The Blog Aquatic » katrina http://blog.oceanconservancy.org News, opinions, photos and facts from Ocean Conservancy Tue, 12 Aug 2014 18:48:05 +0000 en-US hourly 1 http://wordpress.org/?v=3.4.2 Cleanup Volunteers Join a Wave of Action to Support Sandy Recovery http://blog.oceanconservancy.org/2012/12/10/cleanup-volunteers-join-a-wave-of-action-to-support-sandy-recovery/ http://blog.oceanconservancy.org/2012/12/10/cleanup-volunteers-join-a-wave-of-action-to-support-sandy-recovery/#comments Mon, 10 Dec 2012 20:52:02 +0000 Nick Mallos http://blog.oceanconservancy.org/?p=3820

A powerful reminder of what was lost during Sandy; no words necessary. Photo by Nick Mallos

Superstorm Sandy was an unpreventable and unavoidable natural disaster that left in her wake a trail of devastation both physical and emotional that will require not months, but likely years to repair. The total cost of Sandy’s destruction may exceed $50 billion. Beach Cleanups alone certainly will not repair the damage that was done by Sandy; in fact, it’s likely that it will barely scratch the surface. However, each of these small actions taken collectively has major implications for the recovery of New Jersey and New York shores.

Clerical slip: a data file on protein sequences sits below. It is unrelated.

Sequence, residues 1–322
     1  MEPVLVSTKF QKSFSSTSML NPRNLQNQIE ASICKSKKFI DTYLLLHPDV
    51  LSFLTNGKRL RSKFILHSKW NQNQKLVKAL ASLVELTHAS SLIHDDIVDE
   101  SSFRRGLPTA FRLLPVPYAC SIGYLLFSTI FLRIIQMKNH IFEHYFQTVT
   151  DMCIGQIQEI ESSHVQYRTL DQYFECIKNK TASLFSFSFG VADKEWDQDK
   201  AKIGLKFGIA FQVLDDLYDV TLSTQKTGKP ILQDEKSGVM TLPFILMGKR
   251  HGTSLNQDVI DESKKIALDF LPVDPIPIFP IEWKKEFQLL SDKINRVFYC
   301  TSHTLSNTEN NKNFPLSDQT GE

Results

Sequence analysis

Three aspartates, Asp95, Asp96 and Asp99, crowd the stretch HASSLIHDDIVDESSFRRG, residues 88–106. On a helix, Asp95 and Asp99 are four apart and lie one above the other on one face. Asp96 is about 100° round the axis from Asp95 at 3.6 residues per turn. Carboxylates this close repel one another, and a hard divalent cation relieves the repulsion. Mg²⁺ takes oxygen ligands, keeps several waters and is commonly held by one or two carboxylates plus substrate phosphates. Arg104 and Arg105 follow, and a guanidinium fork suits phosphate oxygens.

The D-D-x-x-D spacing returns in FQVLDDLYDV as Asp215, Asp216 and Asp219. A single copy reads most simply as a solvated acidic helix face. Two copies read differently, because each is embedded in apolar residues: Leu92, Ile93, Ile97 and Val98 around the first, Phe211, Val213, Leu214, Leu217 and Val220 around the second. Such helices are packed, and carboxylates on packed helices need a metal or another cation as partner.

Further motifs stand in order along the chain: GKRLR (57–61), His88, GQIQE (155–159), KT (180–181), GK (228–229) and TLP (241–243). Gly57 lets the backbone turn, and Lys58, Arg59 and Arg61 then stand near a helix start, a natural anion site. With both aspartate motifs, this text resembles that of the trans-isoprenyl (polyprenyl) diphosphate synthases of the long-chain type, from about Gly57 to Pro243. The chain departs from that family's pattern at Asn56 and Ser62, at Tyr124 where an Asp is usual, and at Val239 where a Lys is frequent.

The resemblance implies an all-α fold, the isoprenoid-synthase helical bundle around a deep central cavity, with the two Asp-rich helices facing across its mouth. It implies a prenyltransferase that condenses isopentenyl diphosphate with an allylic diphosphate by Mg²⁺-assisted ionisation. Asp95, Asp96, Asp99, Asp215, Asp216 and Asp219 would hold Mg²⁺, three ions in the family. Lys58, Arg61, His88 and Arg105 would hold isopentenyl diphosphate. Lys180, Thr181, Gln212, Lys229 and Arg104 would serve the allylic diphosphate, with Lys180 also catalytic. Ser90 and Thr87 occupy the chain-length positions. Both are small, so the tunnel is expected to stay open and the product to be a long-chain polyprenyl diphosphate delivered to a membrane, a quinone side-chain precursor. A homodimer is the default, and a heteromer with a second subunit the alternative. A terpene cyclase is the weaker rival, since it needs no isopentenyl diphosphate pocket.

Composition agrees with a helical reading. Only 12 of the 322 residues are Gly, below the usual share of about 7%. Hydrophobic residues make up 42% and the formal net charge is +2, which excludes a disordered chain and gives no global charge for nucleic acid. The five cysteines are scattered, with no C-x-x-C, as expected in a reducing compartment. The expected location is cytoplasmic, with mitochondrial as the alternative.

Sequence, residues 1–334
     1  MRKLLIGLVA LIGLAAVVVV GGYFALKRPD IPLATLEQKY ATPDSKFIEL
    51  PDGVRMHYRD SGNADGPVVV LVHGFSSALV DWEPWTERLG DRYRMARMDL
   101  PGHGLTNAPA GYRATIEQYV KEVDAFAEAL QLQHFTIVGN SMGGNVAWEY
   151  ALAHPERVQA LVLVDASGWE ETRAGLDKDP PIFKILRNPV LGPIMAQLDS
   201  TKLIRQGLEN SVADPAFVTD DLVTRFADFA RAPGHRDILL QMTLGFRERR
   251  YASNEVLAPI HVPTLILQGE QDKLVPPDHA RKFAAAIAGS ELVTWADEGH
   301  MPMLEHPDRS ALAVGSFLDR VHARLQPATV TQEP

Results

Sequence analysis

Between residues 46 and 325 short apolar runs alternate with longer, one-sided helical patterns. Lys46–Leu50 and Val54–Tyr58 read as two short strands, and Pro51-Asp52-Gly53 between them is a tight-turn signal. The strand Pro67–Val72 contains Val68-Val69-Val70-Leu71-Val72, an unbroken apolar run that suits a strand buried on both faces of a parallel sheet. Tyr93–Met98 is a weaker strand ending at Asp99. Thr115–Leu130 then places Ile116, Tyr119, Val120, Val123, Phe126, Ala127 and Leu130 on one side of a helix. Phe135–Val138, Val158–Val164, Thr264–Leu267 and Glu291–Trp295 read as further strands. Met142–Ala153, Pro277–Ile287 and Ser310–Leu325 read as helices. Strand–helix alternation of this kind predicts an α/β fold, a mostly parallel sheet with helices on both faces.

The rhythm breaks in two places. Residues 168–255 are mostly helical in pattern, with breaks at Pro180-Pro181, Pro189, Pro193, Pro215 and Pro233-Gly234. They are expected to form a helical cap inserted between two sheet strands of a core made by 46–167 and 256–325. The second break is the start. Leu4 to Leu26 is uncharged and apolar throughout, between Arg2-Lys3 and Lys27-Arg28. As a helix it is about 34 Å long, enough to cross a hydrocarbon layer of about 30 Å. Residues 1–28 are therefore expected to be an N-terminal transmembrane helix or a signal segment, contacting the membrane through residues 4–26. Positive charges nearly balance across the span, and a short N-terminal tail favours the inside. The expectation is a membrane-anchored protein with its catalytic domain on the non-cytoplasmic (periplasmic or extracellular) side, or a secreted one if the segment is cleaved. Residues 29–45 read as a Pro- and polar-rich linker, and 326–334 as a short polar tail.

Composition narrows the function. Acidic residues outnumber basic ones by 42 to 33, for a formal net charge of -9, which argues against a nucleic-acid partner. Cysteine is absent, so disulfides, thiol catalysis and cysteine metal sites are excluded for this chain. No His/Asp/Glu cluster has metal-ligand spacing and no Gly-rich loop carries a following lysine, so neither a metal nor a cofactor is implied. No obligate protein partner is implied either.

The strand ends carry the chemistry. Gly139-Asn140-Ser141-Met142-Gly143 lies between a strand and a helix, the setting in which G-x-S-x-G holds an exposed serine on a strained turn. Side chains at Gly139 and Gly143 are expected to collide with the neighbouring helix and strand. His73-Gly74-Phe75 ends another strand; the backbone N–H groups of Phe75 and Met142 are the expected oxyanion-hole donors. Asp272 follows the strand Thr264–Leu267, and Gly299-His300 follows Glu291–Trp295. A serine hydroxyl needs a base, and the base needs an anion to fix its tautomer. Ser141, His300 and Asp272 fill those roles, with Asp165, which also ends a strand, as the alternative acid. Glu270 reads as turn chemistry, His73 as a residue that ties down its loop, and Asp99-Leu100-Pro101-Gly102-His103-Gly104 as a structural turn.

So there we were—Ocean Conservancy—at a desolate Jones Beach State Park on Long Island, NY equipped to do what we’ve been doing for over 25 years—clean up the beach. The cleanup was just one of many going on throughout the day along devastated beaches in New York and New Jersey as part of an effort called “Waves of Action,” which aims to help with coastal recovery efforts. Conditions were less than ideal:  cloudy with light drizzle, 45 degrees, and an ocean breeze that had it feeling much colder We were nervous—would our list of attendees brave the weather and make it out? But just as volunteers do each September during the International Coastal Cleanup, on this chilly December morning more than 70 volunteers—most of whom were Long Island residents—put aside their Christmas shopping to lend a hand for a beach and community they love. In fact, many New Yorkers changed their plans that morning as they heard of the event via WCBS 880’s live radio coverage from Jones Beach.